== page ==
3 min Read
September 16, 2010

Four Flavors of Online

My colleague Farra Trompeter has a term for static websites with little/no interactivity: brochureware.

I admit it: the first websites that Big Duck built for nonprofits in the 1990s were definitely brochureware. After all, Al Gore had just invented the internet, Jeff Bezos was busy figuring out interactivity at his fledging company Amazon, and nobody went near a computer with a credit card if they knew what was good for them… it was a different time with a different agenda.

‘Online’ is no longer synomymous with ‘your website’. Today’s internet comes in four complex flavors: earned, owned, paid and social media.

Earned: This is coverage your organization earns from others online. Back in the day, earned media was what a good publicist secured for you- and it generally meant getting on the radio, in the paper, or on TV. Earned media today may mean being featured in a blog, linked to, mentioned on a peer’s website, and more. Earned media is important online because it boosts your organization’s credibility to be recognized by a respectable third party (let’s hope they’re respectable!), and good links and references can dramatically improve your search engine rankings.

Owned: This is the stuff your organization builds- chiefly your website and any microsites, vanity sites or community sites you’ve developed. Most people turn to the web first when they need up-to-date, relevant information and expect your organization to be ready to deliver it when they visit you. (Yes, that means it’s bad to refer to last July’s gala as an ‘upcoming event’ on your homepage.)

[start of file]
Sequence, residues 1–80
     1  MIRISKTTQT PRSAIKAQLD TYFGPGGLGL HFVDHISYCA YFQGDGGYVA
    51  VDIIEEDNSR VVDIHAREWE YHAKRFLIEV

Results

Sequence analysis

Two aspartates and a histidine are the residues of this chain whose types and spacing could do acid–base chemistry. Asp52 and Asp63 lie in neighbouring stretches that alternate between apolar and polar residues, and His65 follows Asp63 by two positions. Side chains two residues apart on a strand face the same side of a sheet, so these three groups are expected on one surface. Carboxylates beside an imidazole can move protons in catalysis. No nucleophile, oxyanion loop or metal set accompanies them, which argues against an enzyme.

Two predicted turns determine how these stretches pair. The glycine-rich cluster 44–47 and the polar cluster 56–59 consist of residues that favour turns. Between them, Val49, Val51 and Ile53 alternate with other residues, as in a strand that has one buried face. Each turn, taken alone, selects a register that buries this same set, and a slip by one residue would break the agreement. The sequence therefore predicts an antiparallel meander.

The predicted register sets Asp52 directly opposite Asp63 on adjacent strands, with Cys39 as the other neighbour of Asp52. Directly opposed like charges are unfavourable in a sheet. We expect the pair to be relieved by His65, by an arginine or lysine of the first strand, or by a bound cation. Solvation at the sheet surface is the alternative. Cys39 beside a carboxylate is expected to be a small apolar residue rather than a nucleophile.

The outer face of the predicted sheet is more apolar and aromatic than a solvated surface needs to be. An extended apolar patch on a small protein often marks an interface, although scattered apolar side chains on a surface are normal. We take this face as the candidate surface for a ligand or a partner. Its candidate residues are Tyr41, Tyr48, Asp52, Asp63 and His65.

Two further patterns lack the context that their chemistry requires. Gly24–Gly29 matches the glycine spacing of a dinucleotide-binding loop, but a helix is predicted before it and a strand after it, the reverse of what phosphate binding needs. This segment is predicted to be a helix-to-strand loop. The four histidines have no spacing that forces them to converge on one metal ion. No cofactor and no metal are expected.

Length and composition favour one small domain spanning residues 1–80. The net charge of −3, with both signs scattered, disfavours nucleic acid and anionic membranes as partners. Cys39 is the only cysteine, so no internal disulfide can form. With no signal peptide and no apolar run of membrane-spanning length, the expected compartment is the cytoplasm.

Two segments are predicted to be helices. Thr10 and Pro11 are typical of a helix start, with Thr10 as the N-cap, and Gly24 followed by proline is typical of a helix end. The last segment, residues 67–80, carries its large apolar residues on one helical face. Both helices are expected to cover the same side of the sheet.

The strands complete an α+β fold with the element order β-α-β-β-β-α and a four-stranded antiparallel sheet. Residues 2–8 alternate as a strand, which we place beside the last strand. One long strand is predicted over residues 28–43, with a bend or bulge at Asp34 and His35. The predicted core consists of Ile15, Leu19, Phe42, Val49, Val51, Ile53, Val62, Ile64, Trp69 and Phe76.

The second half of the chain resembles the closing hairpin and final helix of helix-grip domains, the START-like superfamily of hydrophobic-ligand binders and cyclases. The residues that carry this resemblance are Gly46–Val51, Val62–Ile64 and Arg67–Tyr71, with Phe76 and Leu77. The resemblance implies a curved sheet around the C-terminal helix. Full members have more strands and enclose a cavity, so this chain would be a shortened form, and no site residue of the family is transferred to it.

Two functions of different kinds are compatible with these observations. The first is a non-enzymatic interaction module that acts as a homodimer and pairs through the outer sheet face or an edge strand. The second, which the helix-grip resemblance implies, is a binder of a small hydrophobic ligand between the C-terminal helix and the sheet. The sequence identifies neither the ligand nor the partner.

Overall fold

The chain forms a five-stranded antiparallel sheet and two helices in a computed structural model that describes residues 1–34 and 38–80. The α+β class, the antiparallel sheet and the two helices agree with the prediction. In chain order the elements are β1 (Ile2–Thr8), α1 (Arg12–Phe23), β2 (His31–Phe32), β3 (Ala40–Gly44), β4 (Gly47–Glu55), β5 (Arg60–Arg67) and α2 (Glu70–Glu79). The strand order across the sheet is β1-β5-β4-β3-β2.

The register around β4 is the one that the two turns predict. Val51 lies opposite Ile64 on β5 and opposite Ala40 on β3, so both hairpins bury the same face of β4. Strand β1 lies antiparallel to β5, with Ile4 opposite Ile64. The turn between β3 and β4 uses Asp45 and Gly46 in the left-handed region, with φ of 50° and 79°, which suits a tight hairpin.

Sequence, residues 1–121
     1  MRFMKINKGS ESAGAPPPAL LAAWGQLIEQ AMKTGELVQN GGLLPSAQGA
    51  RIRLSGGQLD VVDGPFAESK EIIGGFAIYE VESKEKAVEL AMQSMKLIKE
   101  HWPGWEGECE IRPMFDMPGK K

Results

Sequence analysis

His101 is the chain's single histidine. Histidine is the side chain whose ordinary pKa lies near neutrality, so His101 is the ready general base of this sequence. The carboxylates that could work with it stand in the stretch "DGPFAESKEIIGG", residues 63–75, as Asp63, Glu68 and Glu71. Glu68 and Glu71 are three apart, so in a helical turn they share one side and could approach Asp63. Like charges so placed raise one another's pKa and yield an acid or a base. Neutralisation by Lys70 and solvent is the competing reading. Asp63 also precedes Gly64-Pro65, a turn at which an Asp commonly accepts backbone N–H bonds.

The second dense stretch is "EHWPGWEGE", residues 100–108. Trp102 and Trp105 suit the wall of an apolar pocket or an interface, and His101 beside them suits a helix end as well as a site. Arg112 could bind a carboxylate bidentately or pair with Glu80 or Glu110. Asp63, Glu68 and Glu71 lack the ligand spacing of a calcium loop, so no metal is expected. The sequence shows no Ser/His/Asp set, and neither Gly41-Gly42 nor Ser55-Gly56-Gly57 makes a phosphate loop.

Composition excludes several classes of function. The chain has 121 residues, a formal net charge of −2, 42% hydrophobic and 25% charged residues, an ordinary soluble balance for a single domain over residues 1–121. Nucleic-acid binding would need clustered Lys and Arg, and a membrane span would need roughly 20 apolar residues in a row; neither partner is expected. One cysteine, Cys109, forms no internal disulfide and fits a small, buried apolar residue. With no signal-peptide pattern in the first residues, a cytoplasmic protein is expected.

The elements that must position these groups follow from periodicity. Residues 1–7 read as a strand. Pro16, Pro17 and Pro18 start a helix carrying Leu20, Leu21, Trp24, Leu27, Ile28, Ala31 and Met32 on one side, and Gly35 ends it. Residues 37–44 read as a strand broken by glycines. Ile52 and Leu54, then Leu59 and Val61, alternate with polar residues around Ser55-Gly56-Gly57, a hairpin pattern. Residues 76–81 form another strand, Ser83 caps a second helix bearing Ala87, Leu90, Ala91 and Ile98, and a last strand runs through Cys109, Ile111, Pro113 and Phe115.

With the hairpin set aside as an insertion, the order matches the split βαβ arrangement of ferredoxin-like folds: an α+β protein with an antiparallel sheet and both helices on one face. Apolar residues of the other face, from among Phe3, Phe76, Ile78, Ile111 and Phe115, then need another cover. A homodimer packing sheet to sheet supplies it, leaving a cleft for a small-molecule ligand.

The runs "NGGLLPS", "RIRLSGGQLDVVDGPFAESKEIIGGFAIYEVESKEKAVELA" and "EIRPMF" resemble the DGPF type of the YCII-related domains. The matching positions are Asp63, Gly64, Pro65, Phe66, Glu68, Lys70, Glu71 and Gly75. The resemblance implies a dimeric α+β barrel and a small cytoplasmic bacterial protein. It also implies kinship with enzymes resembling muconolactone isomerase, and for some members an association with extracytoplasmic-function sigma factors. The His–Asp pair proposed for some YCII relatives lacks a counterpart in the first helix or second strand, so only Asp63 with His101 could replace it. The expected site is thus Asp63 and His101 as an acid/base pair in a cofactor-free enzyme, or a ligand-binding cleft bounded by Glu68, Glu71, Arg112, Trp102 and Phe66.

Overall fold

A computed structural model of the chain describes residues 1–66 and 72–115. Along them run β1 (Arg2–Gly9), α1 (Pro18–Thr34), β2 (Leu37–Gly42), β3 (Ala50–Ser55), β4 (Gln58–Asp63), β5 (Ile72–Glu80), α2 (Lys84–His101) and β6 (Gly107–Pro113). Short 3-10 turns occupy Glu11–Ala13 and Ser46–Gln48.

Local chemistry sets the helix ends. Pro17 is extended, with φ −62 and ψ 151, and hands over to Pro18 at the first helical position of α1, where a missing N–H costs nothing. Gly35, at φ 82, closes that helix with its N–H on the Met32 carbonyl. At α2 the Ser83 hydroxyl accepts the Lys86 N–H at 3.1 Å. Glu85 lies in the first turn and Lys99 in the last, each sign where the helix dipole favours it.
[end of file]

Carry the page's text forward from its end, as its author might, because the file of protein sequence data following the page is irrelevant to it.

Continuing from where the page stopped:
Paid: This basically means advertising. Some organizations pay for ads online as part of social marketing campaigns (for instance, an ad encouraging drivers to wear seatbelts on a car sales website, or promoting condom use on a dating website). Many organizations are finding that social networks like Facebook allow you to target your ads to very specific types of people. Some are experimenting with Facebook and other social network ads as a way to recruit people into programs (‘become a teacher!’), take action (‘stop corporate polluters!’) and even solicit gifts. For most organizations, advertising online is a much easier way to target specific audiences cost-effectively, but is often still overlooked as a line-item in the communications budget.

Social: Some people are still questioning the value of social media (please let me know who they are so I can chat with them, ok?). Whether you value it or not, it’s hard to argue that social networks, blogs, Twitter, and other social platforms have transformed the way most people now communicate. For most nonprofits, using social media well means being clear how it will impact your organization’s relationships. Are you building the love with your donors, activists, peers or potential staff in that Facebook group or Twitter stream? What offline actions are you hoping will emerge from your efforts?
Whether you love or hate the highly interactive, fast-changing state of the web today, you’ve got to agree that the old approach is no longer likely to work. With that in mind, perhaps it’s time to reconsider how you budget and staff for it?

Take a look at the big organizations. They’ve got entire online departments with dedicated staff for social media channels, blog editors, and more. While that may be rare, it’s worth noting as a sign of the future. Perhaps it’s time your organization correlate its online communications with the staff who are responsible for all that great, important communicating?

Keep me posted here! I want to know what’s working, in particular, for smaller and mid-size organizations.